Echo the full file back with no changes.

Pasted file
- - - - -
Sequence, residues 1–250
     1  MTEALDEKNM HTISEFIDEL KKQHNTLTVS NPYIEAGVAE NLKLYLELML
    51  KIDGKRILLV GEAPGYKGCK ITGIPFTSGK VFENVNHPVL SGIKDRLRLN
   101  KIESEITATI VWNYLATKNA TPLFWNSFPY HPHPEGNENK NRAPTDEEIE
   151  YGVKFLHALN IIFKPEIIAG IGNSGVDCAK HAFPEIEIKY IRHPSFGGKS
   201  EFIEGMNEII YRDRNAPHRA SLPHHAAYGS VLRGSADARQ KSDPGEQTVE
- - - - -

Sequence, residues 1–250
     1  MTEALDEKNM HTISEFIDEL KKQHNTLTVS NPYIEAGVAE NLKLYLELML
    51  KIDGKRILLV GEAPGYKGCK ITGIPFTSGK VFENVNHPVL SGIKDRLRLN
   101  KIESEITATI VWNYLATKNA TPLFWNSFPY HPHPEGNENK NRAPTDEEIE
   151  YGVKFLHALN IIFKPEIIAG IGNSGVDCAK HAFPEIEIKY IRHPSFGGKS
   201  EFIEGMNEII YRDRNAPHRA SLPHHAAYGS VLRGSADARQ KSDPGEQTVE